Israeli Izhar Patkin Debates Jewish Art

Secular Narratives When God Is Dead

By: - Jan 21, 2014

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On Saturday, January 18 as programming for the exhibition Izhar Patkin: The Wandering Veil there was a well attended dialogue between the artist and his long time supporter David Ross, now an independent curator, critic and musician formerly the director of the Whitney Museum and previously the Institute of Contemporary Art Boston.

It was a free flowing, unscripted conversation with twists and turns. At one point Ross read from the poetry of Agha Shahid Ali who collaborated with the artist.

In media res Ross raised one of the basic questions of modernism, is there a Jewish art? At this point in the 21st century, with such a great legacy of so many and diverse Jewish artists, or critics/ curators like Ross himself, it was curious. Patkin deflected it, as he often does with topics that annoy or don’t interest him, asking Ross how can you even ask that question?

That elicited a smile from Ross. But the issue was woven back in later with references to Patkin’s Veils as like the Veil of Veronica or the Shroud of Turin. It opened the issue of icons and iconography as well as the Biblical prohibition against the Graven Image.

It is not the kind of question one would ask an American born, Jewish artist. Interestingly, it is the theme of the book and play My Name Is Asher Lev a novel by Chaim Potok, an American author and rabbi. It tells the story of a boy from a Hassidic family who take lessons from a figurative Jewish artist and even paints a crucifixion. As did the Russian born, Marc Chagall, in his 1938 White Crucifixion. Uniquely, instead of a generic loin cloth Christ is wrapped in a traditional Jewish shawl.

Since the question was raised but diverted perhaps a better question might be “Is there an Israeli art?” As a student exploring art most of what Patkin learned about the traditions of Western Art came from books. The training he received was primarily in the Bauhaus traditions of design and abstraction.

While Israel was founded as a secular, democratic nation it was populated by Europeans who brought their traditions of religion, food and customs creating a complex cultural mix. Over the ensuing decades a conservative, fundamentalist minority has moved the State of Israel ever further away from secular neutrality to religious orthodoxy.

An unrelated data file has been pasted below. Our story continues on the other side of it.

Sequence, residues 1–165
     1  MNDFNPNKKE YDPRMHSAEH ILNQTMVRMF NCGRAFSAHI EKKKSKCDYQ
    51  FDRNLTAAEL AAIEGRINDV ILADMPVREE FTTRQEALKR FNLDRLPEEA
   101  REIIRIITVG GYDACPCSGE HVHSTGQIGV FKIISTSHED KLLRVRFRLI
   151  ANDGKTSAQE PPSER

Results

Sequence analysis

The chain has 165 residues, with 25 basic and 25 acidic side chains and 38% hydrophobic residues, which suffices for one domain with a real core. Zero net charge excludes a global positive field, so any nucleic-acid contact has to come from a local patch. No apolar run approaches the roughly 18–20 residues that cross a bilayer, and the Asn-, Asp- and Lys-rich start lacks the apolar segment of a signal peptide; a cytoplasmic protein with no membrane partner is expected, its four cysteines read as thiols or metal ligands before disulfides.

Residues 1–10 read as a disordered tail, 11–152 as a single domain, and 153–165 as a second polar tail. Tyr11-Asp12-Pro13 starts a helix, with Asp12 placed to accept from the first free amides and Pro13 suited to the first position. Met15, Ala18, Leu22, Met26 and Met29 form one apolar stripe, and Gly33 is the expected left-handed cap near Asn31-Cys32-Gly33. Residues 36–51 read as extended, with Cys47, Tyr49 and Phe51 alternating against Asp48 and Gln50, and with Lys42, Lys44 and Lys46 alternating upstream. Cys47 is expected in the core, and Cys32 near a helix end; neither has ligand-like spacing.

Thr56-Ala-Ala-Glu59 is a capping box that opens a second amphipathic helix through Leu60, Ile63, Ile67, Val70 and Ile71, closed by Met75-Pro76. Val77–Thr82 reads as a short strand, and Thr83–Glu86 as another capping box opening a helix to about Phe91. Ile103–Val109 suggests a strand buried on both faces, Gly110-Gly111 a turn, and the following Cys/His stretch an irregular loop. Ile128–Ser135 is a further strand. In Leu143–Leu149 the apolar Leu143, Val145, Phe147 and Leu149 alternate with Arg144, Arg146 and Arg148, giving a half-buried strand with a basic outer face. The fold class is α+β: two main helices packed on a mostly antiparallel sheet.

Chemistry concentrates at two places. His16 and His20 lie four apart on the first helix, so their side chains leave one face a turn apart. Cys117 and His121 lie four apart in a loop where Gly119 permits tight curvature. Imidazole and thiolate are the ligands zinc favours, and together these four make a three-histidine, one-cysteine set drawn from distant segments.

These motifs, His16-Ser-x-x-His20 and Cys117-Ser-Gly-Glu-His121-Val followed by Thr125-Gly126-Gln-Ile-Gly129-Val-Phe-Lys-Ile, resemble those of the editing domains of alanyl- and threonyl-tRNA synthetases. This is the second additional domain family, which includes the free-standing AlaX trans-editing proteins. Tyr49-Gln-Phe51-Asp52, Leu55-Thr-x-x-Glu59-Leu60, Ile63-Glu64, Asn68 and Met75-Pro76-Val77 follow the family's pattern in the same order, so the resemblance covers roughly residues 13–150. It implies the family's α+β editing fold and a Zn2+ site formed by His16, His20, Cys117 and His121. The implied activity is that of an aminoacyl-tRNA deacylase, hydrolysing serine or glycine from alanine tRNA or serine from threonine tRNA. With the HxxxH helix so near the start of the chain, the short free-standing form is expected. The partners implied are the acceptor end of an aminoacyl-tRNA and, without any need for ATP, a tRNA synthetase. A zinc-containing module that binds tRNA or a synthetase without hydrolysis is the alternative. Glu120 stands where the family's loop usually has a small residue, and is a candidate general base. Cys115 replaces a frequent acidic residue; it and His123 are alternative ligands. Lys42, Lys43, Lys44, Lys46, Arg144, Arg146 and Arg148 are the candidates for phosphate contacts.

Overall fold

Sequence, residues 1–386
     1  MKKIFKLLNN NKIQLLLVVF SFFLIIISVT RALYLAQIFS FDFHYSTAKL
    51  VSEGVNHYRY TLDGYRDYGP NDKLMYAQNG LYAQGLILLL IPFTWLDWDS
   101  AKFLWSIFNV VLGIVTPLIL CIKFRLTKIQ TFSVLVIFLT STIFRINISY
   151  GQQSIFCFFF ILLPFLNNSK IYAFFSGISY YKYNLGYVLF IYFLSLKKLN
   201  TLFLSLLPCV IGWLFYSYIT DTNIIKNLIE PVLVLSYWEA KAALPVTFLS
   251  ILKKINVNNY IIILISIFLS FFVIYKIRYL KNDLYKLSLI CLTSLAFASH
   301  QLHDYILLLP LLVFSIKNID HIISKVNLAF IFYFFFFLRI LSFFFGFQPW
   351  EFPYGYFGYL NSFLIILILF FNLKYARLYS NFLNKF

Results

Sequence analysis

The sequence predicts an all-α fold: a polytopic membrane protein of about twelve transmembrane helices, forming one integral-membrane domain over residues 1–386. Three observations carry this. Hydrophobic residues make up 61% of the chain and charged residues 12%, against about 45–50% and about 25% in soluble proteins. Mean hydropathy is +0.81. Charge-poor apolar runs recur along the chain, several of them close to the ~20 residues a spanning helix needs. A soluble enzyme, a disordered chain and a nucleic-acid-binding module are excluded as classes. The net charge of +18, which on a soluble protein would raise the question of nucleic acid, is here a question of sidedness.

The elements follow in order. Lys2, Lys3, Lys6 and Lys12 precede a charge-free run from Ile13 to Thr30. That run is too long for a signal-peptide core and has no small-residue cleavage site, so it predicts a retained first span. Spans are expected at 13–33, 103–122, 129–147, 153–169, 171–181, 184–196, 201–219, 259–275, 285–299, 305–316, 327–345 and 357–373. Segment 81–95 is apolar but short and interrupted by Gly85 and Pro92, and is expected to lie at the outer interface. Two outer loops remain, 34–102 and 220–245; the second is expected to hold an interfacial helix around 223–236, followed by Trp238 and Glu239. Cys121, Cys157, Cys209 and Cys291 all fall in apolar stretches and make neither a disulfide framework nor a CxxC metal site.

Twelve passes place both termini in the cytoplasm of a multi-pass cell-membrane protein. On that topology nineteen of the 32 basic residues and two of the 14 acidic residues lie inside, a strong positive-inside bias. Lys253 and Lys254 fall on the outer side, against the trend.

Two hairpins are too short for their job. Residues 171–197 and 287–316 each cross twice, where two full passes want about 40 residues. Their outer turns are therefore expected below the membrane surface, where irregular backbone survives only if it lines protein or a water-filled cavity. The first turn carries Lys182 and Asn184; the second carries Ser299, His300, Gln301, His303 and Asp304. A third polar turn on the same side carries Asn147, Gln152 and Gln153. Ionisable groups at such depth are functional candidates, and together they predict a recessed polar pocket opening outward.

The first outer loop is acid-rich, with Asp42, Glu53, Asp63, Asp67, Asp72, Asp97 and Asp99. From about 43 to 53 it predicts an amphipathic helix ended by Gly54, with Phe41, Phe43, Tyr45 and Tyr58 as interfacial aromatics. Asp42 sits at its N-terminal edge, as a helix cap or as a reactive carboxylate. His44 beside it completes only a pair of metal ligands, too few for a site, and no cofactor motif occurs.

We wanted to know how that phenomenon, an outsider’s interpretation that Patkin does not agree with, informs and motivates him as an artist.

Charles Giuliano David has been trying to pin you down on the issue of Jewish art and Judaism with no luck.

Izhar Patkin And you think you will be more successful?

CG I’m going to try a different approach so let’s see what happens. You grew up in Israel surrounded by fundamentalism.

IP No.

CG Let me rephrase that. The entire Middle East is fundamentalist.

IP I don’t agree with that either.

David Ross (with a microphone for those who can’t hear the question.) Charles is trying to frame the question and Izhar is pushing back which is typical of both of them. Charles is saying that you grew up in a place surrounded by fundamentalists. Israel is a place surrounded by Arab nations who are involved in a fundamentalist relationship to Israel. Is that what you mean?

CG Yes. I was born Italian/ Irish American but I don’t call myself Catholic. I was born Catholic. In what sense is being Jewish a religion or is it a nationality. What is it? In that sense has secularism been an aspect of the liberation of your work? Is that possible? We are trying to get at the issue of Jewishness and art. Is it a relevant question or not? One does not ask an Italian American artist if he is Catholic but one assumes that question when the artist is Jewish. You have stated that you are a non practicing Jew.

IP I do not believe in God.

CG To what extent is that informing the work? Is it an aspect of where the work is coming from?

IP To a great extent. Because if you don’t believe in God you can look at those stories about God in a very serious way. How they are structured. The beauty of them. The greatness of them. They’re just another story. They are important in every culture. Not being tied down to any one of them allows you to enjoy some of them.

DR So the literature that come from be it Judaism or Christianity or Islam is not in a hierarchy with any other narrative out there.

IP No, it’s not. There are deeper narratives. Narratives that control our lives in a way that we’ve forgotten. We live in a Gregorian (Christian) calendar for God’s sake. Why should Jews live in a Gregorian calendar? We use words and we don’t know their etymology anymore. Religions that we don’t know where they came from.

DR There are core aspects of civilization where they may have come from. We have the same things around the world.

IP Scientists are looking for a tiny particle.

DR The God Particle.

IP Couldn’t they come up with another name? It’s a simple as that. When you enter these stories and their structures you actually make great discoveries. Last week I was reading one of the scientists involved with researching the discovery of the world from inanimate to animate. For a long time the discussion in the scientific world was about content. About DNA. He said what contained the DNA was the membrane. Maybe the world began with the fat that repelled itself from water. By evolutionary chance it caught a little bit of RNA or DNA. And that’s how it started. So you look at that story and it is almost a religious story. Right?